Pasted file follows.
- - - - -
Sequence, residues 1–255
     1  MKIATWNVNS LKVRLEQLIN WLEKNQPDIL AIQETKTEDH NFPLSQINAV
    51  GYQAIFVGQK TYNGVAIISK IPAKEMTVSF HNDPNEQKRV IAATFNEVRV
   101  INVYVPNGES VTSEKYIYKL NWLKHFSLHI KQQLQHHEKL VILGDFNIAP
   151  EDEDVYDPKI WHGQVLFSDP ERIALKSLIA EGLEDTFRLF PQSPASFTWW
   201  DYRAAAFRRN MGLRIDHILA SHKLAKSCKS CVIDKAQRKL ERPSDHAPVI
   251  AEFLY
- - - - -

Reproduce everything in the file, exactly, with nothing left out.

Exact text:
Sequence, residues 1–255
     1  MKIATWNVNS LKVRLEQLIN WLEKNQPDIL AIQETKTEDH NFPLSQINAV
    51  GYQAIFVGQK TYNGVAIISK IPAKEMTVSF HNDPNEQKRV IAATFNEVRV
   101  INVYVPNGES VTSEKYIYKL NWLKHFSLHI KQQLQHHEKL VILGDFNIAP
   151  EDEDVYDPKI WHGQVLFSDP ERIALKSLIA EGLEDTFRLF PQSPASFTWW
   201  DYRAAAFRRN MGLRIDHILA SHKLAKSCKS CVIDKAQRKL ERPSDHAPVI
   251  AEFLY